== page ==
Crowdfunding science, not only can help leverage more money into science, it will help people see the personalities of scientists, what drives them and this could lead to more role models.  There are constant complaints about not enough women going in to STEM and that there aren’t enough female scientist role models.  Crowdfunding science can change this by helping us not only learn about the science but also the passionate people who conduct it.

Crowdfunding science role model

Could crowdfunding science help create more role models who are scientists? Robin Carhart-Harris, is definitely growing a bit of a fan club. How many more scientists are there out there who the public can admire. Our guess is quite a few!!!

Crowdfunding science gives the public the opportunity to help with the big decisions that selective governmental and educational institutions often have to make about what gets funded; it taps into the Internet’s shared social networks, which are more organic, up-to-date and flexible, rather than stratified and isolated hierarchies. This ultimately allows citizens to become stewards of the science that changes our world.

It can stop scientists going round in circles with funding…

In addition, Walacea can help break the vicious cycle of scientists having to defend their grant requests with previous experiments, themselves requiring grants.  So many funding bodies want to see pilots or opinion surveys before they can apply for large grants creating barrier after barrier which is both frustrating and demoralising. Just last week we had a discussion with a brain surgeon who is interested in doing an opinion survey on a new technique for treating alzheimers.   It is quite radical and he wants to ask other health care professionals and patients if they think it is a good idea before applying for a grant but this will cost around £5k and he is considering crowdfunding this rather than applying for a small grant.

Perhaps most importantly, by allowing science to be moulded and directed by the decisions of a democratic public, its appeal is changed dramatically – each generous backer is involved directly in a creative scientific process that they would have otherwise been excluded from; they learn about the science they are supporting, and help see the project evolve and come to fruition. From a subject that used to be seen as occurring exclusively behind the closed doors of a sterile laboratory, crowdfunding is helping to transform science into something engaging, accessible, relevant and very real.

Crowdfunding Science is still in infancy

Still relatively young, however, crowdfunding science is not without its criticisms and challenges: some worry that in gaining public appeal the proposed experiments may suffer a reduction in quality, being less subject to the rigorous screening of a team of experts; also, ‘sexier’ campaigns may overshadow less publically appealing yet more valuable ones, and the general public may be vulnerable to coercion through exotic-looking ‘buzz’ words and fancy science jargon. However, it is arguable that any science – if valid – is good science, and if crowdfunding science can help generate large public interest in science and create new role models, then the net will widen, gradually giving an equal chance of success to more numerous and diverse campaigns in the near future.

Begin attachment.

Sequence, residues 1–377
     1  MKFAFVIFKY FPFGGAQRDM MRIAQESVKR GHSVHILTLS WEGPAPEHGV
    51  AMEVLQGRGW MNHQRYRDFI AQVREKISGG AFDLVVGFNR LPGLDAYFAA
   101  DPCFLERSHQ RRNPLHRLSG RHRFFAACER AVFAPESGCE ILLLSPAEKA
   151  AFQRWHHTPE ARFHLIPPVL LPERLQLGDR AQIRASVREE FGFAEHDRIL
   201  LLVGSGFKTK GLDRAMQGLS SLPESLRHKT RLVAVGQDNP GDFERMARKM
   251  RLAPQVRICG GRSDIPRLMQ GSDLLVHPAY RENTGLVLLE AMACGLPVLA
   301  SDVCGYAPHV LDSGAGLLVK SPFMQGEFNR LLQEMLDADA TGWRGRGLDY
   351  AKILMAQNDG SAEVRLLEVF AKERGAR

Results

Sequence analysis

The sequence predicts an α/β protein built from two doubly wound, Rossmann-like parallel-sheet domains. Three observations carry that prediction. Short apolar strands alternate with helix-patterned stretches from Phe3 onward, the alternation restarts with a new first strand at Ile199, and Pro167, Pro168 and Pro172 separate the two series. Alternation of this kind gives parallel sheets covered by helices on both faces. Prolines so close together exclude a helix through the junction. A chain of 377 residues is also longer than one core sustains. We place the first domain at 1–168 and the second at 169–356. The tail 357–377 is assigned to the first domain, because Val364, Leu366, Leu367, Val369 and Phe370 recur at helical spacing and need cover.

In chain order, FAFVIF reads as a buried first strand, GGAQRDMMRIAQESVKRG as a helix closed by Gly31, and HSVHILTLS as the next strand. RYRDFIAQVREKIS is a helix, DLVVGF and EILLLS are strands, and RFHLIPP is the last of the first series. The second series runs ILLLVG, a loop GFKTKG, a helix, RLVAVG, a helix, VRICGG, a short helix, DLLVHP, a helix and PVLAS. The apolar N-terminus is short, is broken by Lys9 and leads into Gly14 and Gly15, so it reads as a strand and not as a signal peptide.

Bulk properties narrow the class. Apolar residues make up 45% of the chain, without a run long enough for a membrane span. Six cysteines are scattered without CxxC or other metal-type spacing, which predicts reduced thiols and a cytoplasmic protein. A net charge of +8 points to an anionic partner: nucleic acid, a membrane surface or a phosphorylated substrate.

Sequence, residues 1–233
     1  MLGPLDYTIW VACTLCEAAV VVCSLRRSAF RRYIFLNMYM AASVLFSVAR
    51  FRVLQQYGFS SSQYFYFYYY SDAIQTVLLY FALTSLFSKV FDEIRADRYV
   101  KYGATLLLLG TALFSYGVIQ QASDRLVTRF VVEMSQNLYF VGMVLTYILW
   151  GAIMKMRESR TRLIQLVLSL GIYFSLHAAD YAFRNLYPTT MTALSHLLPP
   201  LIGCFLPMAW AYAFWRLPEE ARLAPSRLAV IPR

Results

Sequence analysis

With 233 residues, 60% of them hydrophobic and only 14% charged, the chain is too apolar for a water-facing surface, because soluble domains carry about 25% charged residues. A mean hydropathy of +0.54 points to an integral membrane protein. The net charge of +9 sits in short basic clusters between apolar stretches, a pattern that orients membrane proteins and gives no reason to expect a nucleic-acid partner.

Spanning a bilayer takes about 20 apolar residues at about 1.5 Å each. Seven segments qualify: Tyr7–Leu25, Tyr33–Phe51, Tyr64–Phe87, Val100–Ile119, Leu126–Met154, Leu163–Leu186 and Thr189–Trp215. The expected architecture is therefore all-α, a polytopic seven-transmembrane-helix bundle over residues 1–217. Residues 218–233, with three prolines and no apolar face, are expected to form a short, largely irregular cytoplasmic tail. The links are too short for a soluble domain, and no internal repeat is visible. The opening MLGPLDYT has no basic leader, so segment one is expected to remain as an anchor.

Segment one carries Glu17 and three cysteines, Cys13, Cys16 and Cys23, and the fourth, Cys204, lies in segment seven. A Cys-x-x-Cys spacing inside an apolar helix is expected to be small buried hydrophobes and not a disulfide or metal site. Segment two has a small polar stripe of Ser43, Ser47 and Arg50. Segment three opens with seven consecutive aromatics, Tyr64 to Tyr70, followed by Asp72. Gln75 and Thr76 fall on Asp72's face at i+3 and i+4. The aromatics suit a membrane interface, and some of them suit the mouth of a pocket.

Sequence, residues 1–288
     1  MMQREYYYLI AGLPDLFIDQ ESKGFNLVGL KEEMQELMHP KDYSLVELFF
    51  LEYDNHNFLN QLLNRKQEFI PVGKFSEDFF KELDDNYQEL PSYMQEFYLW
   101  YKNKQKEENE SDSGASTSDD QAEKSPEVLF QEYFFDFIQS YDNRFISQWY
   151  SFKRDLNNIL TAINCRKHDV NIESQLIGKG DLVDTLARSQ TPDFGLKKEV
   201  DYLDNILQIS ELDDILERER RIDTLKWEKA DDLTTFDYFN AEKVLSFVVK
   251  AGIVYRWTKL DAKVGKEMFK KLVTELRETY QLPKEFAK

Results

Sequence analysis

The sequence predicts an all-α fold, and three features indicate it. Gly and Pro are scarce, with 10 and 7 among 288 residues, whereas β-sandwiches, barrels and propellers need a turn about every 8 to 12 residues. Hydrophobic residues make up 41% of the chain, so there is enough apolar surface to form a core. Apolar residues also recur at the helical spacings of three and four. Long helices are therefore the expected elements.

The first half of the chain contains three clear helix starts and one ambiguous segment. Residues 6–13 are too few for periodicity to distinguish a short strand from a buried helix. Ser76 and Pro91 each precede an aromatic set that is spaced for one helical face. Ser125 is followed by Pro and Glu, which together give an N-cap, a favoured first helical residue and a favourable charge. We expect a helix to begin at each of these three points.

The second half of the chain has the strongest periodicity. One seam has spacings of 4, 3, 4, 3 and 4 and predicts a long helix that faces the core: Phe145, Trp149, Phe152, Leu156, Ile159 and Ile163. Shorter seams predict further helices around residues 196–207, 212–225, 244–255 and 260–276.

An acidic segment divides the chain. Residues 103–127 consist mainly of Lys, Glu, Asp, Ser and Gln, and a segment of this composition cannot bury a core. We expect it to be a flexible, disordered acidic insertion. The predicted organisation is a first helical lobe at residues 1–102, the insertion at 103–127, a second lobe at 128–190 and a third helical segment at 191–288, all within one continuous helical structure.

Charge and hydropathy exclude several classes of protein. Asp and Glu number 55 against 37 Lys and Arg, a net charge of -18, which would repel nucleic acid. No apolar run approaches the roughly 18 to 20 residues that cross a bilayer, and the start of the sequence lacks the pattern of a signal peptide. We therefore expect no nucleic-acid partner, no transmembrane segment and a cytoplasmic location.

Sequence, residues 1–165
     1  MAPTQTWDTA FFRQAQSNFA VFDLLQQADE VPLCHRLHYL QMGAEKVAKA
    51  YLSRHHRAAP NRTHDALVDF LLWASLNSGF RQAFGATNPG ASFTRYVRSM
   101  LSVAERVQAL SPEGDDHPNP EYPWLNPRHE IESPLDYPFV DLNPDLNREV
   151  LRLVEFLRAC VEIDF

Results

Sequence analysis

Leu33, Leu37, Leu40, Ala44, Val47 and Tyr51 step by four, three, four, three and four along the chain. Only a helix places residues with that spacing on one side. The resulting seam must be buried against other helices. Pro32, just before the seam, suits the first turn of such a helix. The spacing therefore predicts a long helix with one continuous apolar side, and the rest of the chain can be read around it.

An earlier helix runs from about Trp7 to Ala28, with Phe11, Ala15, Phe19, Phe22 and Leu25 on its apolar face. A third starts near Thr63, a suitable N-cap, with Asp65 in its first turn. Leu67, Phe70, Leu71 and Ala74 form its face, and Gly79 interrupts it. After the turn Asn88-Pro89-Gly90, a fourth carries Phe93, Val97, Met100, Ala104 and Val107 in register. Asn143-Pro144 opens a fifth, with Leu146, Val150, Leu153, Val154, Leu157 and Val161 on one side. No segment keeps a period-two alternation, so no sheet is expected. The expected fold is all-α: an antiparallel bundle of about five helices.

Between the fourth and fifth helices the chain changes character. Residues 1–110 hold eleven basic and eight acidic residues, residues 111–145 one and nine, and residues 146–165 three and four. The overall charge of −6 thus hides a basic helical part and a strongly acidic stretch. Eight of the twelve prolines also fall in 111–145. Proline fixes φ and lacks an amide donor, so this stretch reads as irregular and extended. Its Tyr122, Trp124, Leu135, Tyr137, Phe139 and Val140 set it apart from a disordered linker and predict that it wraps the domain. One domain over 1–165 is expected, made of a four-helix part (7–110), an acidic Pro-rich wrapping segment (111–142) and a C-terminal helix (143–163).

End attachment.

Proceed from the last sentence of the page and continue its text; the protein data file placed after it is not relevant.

If you want to see science become more democratic through crowdfunding science we urge you to browse campaigns on Walacea, give us some feedback about what you would like to see and perhaps make a pledge and see if you enjoy the journey of discovery!

If you are a scientists and would like to give crowdfunding your research a whirl, drop us a line! info@walacea.com

 

Should the Medical Marijauna Industry follow big pharma in their quest for data?

Having spent five years working in the pharmaceutical industry in a ‘science behind the sales’ role I have a pretty good understanding of how clinical data can help sell drugs. The marketeers would eagerly wait for newly published studies that show our drug to work better than the competitors and this new data would go straight into the sales materials. The sales force would then go out with these new glossy materials that explain with clinical data how wonderful the drug they are selling is and this helps them exceed their sales targets and they get rewarded appropriately. This all makes sense but should the medical marijuana industry travel this data path too? Well, if they want to increase sales and and grow their market the answer is yes.